Being handed the keys to a Modernist architectural icon is no easy feat for any mustering design enthusiast, and the current custodian of the Van der Leeuw Research House, Professor Sarah Lorenzen, has taken the honour on, foibles and glory alike.
Sarah’s background as an Architect and Professor based in Los Angeles made her a perfect fit to take on the heaving task of restoring Richard Neutra’s VDL House to its current-day glory. Her period in the house has seen it through structural and architectural restoration, extensive community engagement, and the creation of an Artist Residency program, amongst some of its many accolades.
Richard Neutra’s career as a Modernist North American Architect saw the VDL House as an experiment of types, with the intent to accommodate his own office and two families at any one time. Since the initial design and inception by Richard and his wife Dion, the house has become an epicentre of experimentation, exploration, design, and life conversation; an important legacy Sarah is well suited to fulfilling. We had the pleasure of an audience with this fine custodian, to discover more about her connection to this humble icon.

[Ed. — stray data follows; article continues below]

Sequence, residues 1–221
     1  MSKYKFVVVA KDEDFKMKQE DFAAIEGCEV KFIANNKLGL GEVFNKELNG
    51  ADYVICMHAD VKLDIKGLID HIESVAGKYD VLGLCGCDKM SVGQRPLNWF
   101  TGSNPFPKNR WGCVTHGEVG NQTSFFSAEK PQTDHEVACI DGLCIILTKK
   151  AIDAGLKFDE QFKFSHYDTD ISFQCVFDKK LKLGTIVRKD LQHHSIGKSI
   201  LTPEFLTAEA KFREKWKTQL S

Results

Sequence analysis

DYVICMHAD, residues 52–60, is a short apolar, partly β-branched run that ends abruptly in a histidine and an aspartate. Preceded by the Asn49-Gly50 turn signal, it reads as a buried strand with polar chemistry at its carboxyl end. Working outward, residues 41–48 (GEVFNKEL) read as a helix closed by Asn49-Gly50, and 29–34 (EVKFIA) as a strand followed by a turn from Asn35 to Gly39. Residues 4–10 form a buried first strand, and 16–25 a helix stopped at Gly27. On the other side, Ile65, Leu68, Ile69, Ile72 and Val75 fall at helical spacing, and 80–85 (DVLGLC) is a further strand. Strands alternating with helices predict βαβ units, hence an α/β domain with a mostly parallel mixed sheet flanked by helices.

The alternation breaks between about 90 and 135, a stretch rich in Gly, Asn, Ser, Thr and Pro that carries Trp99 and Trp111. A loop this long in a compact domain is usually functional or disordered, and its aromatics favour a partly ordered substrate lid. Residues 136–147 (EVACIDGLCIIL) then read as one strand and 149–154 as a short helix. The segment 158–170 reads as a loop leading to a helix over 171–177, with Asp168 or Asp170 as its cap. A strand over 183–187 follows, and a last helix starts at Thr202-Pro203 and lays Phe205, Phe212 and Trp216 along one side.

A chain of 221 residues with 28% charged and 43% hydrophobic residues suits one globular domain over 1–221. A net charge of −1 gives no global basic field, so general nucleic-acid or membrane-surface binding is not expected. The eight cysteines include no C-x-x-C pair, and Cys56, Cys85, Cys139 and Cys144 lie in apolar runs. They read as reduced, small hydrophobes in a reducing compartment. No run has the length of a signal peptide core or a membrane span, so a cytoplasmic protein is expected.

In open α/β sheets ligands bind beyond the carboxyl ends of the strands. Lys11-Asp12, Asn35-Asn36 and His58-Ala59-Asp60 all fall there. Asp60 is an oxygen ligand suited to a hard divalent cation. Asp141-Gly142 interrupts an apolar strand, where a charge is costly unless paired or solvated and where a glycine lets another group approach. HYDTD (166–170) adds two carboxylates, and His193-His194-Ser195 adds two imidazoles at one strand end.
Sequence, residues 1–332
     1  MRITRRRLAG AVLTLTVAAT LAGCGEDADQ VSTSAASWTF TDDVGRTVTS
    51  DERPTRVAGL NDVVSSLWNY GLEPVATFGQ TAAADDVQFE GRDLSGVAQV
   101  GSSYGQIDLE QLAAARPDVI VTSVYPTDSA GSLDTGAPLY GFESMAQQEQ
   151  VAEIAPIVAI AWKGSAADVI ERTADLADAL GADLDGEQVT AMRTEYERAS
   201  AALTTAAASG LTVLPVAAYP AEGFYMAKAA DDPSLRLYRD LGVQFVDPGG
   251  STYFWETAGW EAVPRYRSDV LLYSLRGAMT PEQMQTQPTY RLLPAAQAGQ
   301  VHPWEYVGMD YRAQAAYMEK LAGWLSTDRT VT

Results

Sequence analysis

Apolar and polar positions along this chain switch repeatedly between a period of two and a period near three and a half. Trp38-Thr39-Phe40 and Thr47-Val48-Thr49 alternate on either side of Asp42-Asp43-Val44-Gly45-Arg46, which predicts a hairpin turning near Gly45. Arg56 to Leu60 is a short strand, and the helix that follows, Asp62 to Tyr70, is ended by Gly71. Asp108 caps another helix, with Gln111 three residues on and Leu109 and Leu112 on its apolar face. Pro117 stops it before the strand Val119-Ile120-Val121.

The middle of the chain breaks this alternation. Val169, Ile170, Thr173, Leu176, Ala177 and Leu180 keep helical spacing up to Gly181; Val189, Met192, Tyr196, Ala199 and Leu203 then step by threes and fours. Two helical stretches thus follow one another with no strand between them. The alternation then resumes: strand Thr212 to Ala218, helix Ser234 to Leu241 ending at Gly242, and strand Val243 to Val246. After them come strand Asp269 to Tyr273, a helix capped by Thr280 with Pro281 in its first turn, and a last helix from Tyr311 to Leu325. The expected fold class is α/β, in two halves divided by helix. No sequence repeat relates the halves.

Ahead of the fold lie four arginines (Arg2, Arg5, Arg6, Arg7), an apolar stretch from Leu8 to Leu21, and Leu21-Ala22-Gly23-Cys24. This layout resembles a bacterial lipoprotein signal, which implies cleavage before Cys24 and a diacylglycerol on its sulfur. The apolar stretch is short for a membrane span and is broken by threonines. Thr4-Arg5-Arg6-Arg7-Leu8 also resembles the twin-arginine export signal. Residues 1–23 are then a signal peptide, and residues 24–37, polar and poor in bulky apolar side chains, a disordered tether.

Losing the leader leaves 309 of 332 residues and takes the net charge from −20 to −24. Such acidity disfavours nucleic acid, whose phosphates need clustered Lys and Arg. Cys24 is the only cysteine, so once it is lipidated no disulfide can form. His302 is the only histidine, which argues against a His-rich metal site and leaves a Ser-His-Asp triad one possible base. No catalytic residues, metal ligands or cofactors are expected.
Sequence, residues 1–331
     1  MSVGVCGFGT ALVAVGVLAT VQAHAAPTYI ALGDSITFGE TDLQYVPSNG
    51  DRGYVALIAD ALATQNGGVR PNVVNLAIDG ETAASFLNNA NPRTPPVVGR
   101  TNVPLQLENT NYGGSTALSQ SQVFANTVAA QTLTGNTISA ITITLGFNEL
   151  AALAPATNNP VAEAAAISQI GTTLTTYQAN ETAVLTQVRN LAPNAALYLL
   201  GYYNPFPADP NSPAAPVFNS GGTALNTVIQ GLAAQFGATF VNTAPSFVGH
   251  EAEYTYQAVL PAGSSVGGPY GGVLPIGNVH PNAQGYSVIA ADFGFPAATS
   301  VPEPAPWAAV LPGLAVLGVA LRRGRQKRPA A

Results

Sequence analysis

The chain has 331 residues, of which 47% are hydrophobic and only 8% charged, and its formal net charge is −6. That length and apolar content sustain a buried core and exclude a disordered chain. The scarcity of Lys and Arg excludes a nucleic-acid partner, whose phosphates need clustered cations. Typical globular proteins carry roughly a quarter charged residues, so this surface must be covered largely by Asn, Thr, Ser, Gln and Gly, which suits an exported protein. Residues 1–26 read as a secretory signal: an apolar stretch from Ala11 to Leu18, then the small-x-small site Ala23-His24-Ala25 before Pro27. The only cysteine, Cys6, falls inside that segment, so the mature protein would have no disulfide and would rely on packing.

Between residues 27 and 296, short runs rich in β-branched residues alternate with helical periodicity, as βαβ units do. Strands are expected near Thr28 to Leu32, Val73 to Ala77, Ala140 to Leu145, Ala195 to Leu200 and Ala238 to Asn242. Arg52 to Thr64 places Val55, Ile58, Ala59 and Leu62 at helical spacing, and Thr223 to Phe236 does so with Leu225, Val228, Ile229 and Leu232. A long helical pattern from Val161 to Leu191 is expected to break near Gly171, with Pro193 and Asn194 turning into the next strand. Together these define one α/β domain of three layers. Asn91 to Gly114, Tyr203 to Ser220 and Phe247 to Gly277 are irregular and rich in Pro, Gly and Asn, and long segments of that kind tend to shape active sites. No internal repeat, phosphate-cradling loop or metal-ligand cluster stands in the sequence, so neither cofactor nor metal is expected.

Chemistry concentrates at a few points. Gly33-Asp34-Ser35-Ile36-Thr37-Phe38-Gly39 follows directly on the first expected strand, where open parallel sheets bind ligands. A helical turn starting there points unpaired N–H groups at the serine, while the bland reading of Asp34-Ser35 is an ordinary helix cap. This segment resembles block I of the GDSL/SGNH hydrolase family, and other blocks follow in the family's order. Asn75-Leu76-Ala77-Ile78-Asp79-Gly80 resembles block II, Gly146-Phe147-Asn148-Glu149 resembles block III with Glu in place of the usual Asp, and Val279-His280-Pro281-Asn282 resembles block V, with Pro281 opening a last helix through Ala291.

The house was donated in 1990 by Dion Neutra, with the goal of being a resource to learn more about the architect and his work. It is currently owned and under the stewardship of California State Polytechnic University in Pomona. The property is maintained by the College of Environmental Design, where Sarah herself is a Professor, and spans over 390 sqm.
When Sarah began there was minimal funding and, “The house was in disrepair but, fortunately, no structural issues with the house, despite some water damage issues,” she says. VDL was “designed to be a dematerialised house, with the roof and walls, and a lot of overlapping surfaces and overhangs, not designed with the water flow in mind. Technology has gotten better and all the things they wanted to do, we can now do.” Through extensive efforts, “There is no sign from outside that anything has changed,” which in itself is quite the accomplishment.